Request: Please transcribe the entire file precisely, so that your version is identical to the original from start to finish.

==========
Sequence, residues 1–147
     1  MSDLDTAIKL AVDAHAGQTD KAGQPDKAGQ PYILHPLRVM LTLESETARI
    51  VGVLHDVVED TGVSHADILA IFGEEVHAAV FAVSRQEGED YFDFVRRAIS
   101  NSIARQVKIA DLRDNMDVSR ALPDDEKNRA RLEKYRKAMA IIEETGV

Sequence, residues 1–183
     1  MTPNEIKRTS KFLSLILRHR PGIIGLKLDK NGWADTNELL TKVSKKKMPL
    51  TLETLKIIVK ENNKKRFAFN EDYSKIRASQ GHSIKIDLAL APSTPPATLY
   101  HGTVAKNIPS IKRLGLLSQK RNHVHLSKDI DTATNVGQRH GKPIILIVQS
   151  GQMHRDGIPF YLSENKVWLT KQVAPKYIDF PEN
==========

Sequence, residues 1–147
     1  MSDLDTAIKL AVDAHAGQTD KAGQPDKAGQ PYILHPLRVM LTLESETARI
    51  VGVLHDVVED TGVSHADILA IFGEEVHAAV FAVSRQEGED YFDFVRRAIS
   101  NSIARQVKIA DLRDNMDVSR ALPDDEKNRA RLEKYRKAMA IIEETGV

Sequence, residues 1–183
     1  MTPNEIKRTS KFLSLILRHR PGIIGLKLDK NGWADTNELL TKVSKKKMPL
    51  TLETLKIIVK ENNKKRFAFN EDYSKIRASQ GHSIKIDLAL APSTPPATLY
   101  HGTVAKNIPS IKRLGLLSQK RNHVHLSKDI DTATNVGQRH GKPIILIVQS
   151  GQMHRDGIPF YLSENKVWLT KQVAPKYIDF PEN